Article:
Smaldino v. Commissioner
T.C. Memo. 2021-127

On November 10, 2021, the Tax Court issued a Memorandum Opinion in the case of Smaldino v. Commissioner (T.C. Memo. 2021-127). The primary issues presented in Smaldino were whether (1) the proper characterization for gift tax purposes of petitioner’s purported transfer of LLC class B member interests to Mrs. Smaldino followed by her purported retransfer of these same interests to the Dynasty Trust and (2) the fair market value of the LLC class B member interests that petitioner transferred, directly or indirectly, to the Dynasty Trust.

Executive Summary of Smaldino v. Commissioner

Smaldino v. CommissionerAfter practicing for a time as a certified public accountant and serving as the treasurer of a computer company, the petitioner Louis “Jumbo” Smaldino,[1] purchased his father’s liquor store business, which he then operated for over 35 years. He eventually expanded his business holdings to include apartment buildings, which he managed as a sole proprietor. By 2008 he had sold all his liquor stores, and his only remaining business was owning and managing what ultimately became an $80 million portfolio of real estate.

Jumbo placed 10 of these properties in Smaldino Investments, LLC, which he owned through a revocable trust. In 2013 he transferred about 8% of the LLC class B member interests to the Smaldino 2012 Dynasty Trust, an irrevocable trust that he had created a few months earlier for the benefit of his children and grandchildren. Around the same time, Jumbo purportedly transferred about 41% of the LLC class B member interests to his wife, Agustina Smaldino, who purportedly retransferred them to the Dynasty Trust the next day.

On Jumbo’s 2013 gift tax return, he reported as a taxable gift only the approximately 8% of the LLC class B membership interests he had transferred directly to the Dynasty Trust. The IRS, however, determined that Jumbo had made a taxable gift to the Dynasty Trust of 49% of the class B membership interests, including the approximately 41% interest that assertedly had passed from Jumbo to the Dynasty Trust indirectly through Mrs. Smaldino. After revaluing the LLC interests, the IRS determined that Jumbo had a whopping $1,154,000 gift tax deficiency for 2013.

Smaldino v. Commissioner

Jumbo has been married to Mrs. Smaldino since 2006. She has a master’s degree in economics and since about 1995, she has worked almost continuously all up in Jumbo’s businesses—first in his liquor-stores, after a three-year interval, in his property-management business. After a “health scare,”[2] Jumbo put some estate planning in place.

Jumbo wanted to pass his business to his children (6) and grandchildren (10) and to give many of his remaining assets to Mrs. Smaldino. Similarly, she wanted Jumbo’s progeny to have the property-management business.

The Parties’ Contentions

The parties in Smaldino v. Commissioner agreed that the total LLC units transferred to the Dynasty Trust as of April 2013, constituted a 49% class B member interest in the LLC. The parties disagreed about the extent to which these transfers should be characterized as gifts from petitioner to the Dynasty Trust and the value of the transferred interests for gift tax purposes.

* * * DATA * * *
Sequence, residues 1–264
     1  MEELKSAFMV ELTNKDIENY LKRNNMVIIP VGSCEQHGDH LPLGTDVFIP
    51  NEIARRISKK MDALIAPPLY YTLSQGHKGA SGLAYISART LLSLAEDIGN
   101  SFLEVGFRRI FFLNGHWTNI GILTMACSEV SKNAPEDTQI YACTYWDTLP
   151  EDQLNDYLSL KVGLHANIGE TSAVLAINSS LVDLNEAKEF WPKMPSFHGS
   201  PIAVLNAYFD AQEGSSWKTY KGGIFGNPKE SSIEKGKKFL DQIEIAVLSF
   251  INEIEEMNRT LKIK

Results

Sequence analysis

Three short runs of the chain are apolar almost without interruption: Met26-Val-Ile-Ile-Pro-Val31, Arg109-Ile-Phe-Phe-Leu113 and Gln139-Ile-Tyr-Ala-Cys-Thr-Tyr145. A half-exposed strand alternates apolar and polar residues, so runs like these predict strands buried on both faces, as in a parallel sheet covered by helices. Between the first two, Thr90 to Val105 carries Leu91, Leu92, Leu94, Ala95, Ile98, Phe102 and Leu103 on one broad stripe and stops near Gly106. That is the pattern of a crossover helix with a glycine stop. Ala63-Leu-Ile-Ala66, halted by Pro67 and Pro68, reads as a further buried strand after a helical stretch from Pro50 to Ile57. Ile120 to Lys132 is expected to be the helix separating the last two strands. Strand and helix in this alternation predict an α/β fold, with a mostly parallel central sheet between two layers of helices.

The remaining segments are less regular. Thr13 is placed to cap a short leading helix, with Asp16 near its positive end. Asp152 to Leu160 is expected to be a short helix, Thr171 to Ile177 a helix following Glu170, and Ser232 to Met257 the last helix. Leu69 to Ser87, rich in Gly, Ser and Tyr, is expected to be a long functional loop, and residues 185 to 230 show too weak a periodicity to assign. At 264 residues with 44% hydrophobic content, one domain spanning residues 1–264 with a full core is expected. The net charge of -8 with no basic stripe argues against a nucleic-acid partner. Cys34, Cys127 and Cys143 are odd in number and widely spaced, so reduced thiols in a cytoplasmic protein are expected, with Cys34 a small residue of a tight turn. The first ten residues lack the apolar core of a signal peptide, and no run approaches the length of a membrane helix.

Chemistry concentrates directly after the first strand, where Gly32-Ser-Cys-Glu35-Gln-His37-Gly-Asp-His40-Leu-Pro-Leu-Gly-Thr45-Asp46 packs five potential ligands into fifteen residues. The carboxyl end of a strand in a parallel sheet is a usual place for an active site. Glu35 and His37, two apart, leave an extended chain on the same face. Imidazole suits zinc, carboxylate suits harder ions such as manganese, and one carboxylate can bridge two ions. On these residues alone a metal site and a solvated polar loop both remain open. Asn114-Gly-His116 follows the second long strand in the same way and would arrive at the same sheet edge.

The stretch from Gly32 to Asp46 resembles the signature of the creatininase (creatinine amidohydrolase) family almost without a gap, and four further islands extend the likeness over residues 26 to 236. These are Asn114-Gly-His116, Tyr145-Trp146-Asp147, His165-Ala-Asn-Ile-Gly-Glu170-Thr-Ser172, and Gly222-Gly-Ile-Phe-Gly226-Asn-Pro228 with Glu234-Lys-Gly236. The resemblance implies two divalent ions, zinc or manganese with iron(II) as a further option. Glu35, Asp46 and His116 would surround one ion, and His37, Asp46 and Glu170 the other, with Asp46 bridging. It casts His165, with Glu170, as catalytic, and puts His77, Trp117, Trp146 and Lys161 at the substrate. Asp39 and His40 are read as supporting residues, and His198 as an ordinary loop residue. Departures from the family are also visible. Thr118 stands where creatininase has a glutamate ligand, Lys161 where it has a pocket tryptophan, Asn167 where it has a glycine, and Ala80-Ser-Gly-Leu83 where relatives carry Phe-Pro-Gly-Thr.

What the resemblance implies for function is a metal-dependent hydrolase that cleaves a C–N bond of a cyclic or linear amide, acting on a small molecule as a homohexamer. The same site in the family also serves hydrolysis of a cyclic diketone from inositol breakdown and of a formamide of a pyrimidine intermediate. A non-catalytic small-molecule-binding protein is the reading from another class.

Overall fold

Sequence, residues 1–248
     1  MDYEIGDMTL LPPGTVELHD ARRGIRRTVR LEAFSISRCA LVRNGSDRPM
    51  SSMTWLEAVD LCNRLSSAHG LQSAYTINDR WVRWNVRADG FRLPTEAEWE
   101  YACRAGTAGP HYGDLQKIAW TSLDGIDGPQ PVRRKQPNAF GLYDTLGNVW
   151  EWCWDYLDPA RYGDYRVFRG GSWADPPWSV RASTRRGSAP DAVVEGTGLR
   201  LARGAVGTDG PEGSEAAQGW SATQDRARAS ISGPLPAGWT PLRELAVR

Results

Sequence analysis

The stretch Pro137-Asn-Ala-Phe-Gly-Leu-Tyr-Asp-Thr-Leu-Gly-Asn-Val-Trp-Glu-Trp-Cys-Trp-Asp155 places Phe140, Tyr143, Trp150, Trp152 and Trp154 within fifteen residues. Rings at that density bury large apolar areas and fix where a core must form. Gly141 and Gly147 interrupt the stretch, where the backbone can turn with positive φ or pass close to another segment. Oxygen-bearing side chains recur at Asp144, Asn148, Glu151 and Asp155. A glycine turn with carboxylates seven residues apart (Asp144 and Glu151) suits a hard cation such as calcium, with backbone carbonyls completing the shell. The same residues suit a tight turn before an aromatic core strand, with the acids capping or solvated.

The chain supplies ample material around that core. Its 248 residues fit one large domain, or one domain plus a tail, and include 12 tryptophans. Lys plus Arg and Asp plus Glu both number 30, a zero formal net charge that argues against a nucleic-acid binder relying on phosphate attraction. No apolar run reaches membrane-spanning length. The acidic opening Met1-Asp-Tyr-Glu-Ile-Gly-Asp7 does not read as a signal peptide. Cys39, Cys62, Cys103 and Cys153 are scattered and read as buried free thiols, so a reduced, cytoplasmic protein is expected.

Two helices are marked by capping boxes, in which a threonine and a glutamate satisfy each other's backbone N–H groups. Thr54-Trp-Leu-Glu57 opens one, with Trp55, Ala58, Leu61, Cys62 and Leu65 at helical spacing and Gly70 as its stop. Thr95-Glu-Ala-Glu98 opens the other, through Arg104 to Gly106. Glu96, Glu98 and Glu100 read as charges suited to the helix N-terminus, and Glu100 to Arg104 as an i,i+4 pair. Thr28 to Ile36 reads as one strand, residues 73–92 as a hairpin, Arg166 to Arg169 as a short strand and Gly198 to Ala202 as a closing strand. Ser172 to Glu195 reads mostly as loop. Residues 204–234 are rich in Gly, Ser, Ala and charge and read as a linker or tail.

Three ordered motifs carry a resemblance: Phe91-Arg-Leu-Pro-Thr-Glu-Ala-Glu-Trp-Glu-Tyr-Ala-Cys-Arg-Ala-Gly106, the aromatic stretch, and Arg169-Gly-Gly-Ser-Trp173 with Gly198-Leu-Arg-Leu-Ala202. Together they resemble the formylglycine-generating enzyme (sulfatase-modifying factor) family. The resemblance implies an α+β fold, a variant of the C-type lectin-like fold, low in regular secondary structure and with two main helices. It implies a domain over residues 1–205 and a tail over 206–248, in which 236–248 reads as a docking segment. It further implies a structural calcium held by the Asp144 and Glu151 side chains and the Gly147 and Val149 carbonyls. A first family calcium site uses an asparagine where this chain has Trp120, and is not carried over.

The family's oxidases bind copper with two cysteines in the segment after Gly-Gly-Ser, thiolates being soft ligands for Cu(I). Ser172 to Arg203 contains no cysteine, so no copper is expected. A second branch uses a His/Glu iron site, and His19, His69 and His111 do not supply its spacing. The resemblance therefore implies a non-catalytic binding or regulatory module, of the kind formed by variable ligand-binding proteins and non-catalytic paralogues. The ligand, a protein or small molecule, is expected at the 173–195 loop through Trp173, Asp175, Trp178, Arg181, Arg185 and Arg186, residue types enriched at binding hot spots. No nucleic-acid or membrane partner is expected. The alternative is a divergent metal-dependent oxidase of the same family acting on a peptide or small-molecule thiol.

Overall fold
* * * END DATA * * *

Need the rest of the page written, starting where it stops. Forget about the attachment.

Jumbo contended that he gave to the Dynasty Trust only an 8.05% LLC class B member interest. He contended that the Dynasty Trust received the 40.95% LLC class B member interest as a gift from Mrs. Smaldino and not from him. He further contended that his 2013 gift tax return correctly reported the value of the 8.05% gift interest as $1,031,882, according to his expert’s appraisal, which opined that the fair market value of a 49% class B member interest in the LLC as of April 15, 2013, was $6,281,000.9

Bulletproof Glass
False sense of security…

The IRS (from behind bulletproof glass) contended that Jumbo made a taxable gift to the Dynasty Trust of a 49% class B member interest in the LLC, including an indirect gift of the 40.95% class B member interest that he purportedly transferred to Mrs. Smaldino and that she purportedly retransferred to the Dynasty Trust a day later. Although the IRS determined in the notice of deficiency that the fair market value of the 49% class B member interest (the subject interest) was $8,180,000, in the Tax Court proceeding the IRS contended, on the basis of its own expert’s report and testimony, that the fair market value of the subject interest was actually $8,421,000.

The Old Substance Over Form Gambit

Bad Form
Substance prevails over form…especially when your form is this bad.

It is well established that the substance of a transaction, rather than the form in which it is cast, determines the tax consequences unless it appears from an examination of the statute and its purpose that form was intended to govern.[3] IRC § 2511(a) implicitly embodies principles of substance over form by including “indirect” transfers in the definition of a taxable gift.[4] Heightened scrutiny is appropriate in cases, such as this one, where all the parties to the transactions in question are related.[5]

The IRS argued that the transfers were “part of a prearranged plan between all parties involved to effectuate the transfer of the ownership of the LLC” from Jumbo to the Dynasty Trust. In support of its position, the IRS relied on a line of cases in which the courts have employed substance over form principles to recharacterize multistep property transfers among related parties as indirect gifts between the persons who were determined to be, in substance, the actual donors and donees.[6]

Jumbo countered that those cases are not controlling because none involved an interspousal transfer like the one at issue here. Jumbo did not expressly dispute, however, that the transactions in question were part of a prearranged plan to transfer ownership of 49% of the LLC class B member interests to the Dynasty Trust while using Mrs. Smaldino’s estate and gift tax exemption.